It may feel a terrible humiliation to have missed your first conditional choice by two or three grades. But there are many others in the same boat. And you still have choices. You may be able to accept your second, or insurance, offer. If not, you can opt to find another course or another university through the Clearing system. Or you can take a year out to resit.
Universities want you almost as much as you want them. So, when you get on the telephone to admissions tutors, be polite but take the attitude that they are lucky to have you.
If you are in the fortunate position of having done better than you expected, the official advice is to count your blessings. The line from Ucas is that students who have excelled should stay put and not shop around for a better offer. You have entered into a contract with the university that you have firmly accepted, and that's that. However, a handful do manage to wriggle out of their agreements and switch to courses at more sought- after institutions. Students who have done worse than expected should talk to their teachers. "They need to give themselves a breathing space," says Chris Vesey, head of curriculum development at Barnet College, north London. "They need to think about what they want and discuss that with their parents and teachers...There is something for everyone. They may not get on to the degree course of their choice, but they could start on the first year of an HND and then move on to a degree course after that."
It may be that they need to consider retaking A-levels or switching to advanced GNVQ courses which are widely accepted as an entry credential, particularly by the new universities.
Those whose results are only slightly lower than required in the conditional offer - for instance, three grades below the firm offer and one grade below the insurance offer - should hit the phones. Universities receive results before students do and some make decisions quickly about which students to take and which to reject. If you are rejected at this stage, ring your insurance offer university and tell them that you are really keen on a place. You may find that they don't yet know you have been rejected by your firm offer, and they may be only too happy to give you a place.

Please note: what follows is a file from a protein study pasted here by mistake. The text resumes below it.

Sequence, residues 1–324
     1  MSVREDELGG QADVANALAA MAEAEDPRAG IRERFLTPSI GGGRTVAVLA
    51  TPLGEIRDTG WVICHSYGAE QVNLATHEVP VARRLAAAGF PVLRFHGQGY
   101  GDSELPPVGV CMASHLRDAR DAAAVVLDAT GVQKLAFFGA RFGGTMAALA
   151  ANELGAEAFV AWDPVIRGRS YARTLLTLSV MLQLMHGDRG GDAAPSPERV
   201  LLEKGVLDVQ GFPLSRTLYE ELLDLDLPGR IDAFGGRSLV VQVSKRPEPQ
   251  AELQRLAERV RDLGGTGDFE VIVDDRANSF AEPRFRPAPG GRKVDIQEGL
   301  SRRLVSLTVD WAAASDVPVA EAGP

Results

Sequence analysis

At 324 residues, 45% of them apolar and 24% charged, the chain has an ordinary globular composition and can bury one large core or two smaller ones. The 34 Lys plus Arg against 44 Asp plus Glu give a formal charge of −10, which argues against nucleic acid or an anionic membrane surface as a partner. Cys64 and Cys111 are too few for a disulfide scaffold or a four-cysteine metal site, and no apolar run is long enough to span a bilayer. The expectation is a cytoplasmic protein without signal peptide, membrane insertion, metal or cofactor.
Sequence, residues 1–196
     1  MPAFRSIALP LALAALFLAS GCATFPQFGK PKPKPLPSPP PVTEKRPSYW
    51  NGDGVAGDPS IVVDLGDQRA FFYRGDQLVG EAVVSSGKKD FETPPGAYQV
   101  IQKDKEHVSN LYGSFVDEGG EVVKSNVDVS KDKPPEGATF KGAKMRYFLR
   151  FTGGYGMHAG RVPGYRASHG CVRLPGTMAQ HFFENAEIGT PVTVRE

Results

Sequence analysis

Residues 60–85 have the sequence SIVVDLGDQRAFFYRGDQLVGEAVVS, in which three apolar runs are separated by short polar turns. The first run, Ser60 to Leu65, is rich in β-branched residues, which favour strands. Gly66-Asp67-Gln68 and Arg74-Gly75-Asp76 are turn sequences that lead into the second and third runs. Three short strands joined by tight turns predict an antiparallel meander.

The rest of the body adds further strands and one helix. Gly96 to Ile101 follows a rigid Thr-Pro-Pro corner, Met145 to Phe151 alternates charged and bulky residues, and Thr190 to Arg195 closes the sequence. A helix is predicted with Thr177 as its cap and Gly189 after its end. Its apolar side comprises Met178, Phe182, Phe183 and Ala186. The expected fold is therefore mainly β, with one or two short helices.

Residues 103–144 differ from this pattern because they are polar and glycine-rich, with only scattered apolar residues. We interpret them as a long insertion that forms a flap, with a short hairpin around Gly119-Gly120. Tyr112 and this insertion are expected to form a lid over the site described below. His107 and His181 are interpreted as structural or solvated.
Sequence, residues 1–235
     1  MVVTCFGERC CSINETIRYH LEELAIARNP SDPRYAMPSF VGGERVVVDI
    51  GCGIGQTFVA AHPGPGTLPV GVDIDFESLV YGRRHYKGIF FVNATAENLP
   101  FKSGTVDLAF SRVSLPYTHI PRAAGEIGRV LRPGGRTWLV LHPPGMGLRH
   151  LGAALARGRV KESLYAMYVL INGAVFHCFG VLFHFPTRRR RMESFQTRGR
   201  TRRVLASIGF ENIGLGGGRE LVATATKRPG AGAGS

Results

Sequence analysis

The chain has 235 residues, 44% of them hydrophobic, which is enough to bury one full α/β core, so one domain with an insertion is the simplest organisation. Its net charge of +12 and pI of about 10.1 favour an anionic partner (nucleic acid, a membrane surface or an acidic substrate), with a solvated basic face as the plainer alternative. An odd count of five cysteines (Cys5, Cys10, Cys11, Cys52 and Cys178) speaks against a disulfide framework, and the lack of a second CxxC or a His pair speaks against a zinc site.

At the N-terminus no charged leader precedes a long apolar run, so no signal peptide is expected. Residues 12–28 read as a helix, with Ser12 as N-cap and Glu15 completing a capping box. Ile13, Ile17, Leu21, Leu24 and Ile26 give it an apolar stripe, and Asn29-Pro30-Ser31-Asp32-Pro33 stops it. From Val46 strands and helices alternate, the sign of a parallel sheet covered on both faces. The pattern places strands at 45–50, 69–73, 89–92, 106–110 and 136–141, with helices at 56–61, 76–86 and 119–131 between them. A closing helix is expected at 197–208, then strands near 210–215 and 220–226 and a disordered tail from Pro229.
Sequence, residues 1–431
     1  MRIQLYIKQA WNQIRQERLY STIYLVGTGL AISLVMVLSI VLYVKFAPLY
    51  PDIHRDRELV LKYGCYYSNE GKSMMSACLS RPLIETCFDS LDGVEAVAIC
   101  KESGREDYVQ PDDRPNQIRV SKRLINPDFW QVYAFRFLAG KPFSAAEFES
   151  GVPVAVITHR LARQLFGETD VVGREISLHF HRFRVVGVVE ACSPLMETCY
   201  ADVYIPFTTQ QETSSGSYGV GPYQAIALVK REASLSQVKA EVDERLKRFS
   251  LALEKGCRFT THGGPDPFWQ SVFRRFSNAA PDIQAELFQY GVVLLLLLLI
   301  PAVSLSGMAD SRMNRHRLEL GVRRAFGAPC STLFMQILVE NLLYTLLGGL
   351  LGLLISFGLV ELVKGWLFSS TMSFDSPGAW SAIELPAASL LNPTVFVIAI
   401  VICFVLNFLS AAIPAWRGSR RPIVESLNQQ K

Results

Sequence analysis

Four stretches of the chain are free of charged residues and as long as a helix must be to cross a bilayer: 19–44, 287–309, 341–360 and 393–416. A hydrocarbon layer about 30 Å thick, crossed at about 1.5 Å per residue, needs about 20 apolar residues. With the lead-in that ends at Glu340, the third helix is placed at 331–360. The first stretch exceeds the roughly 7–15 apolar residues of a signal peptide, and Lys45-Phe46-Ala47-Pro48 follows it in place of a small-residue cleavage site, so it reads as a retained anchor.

If your firm offer university is reviewing your case, pester them. Alert your school. Find the name and fax number of the admissions tutor and arrange to send them an updated school reference. If you are talking to your insurance offer, get a reference sent off to them. Universities are more responsive these days to faxes than to telephone calls from headteachers.
Be prepared for Clearing, which matches would-be students with university vacancies. Clearing occurs round about the time students have been rejected by their first and second choices. Ask yourself whether you would be prepared to switch from, say, medicine to pharmacy, medical laboratory technology or biological sciences, or from business studies to business information systems.
Make a list of the universities and courses which appeal to you if things go wrong. Comb the official vacancy lists in The Independent and The Independent on Sunday. Consider changing from a single honours to a combined honours or a modular course. Such a switch will require some exploration and research.
You need to avoid the feeling that time is running out, that you have got to grab at something. But many students will want to rush to get into university this year, before they have to start paying pounds 1,000 a year in tuition fees. If you do feel that, make sure you do as much spadework as possible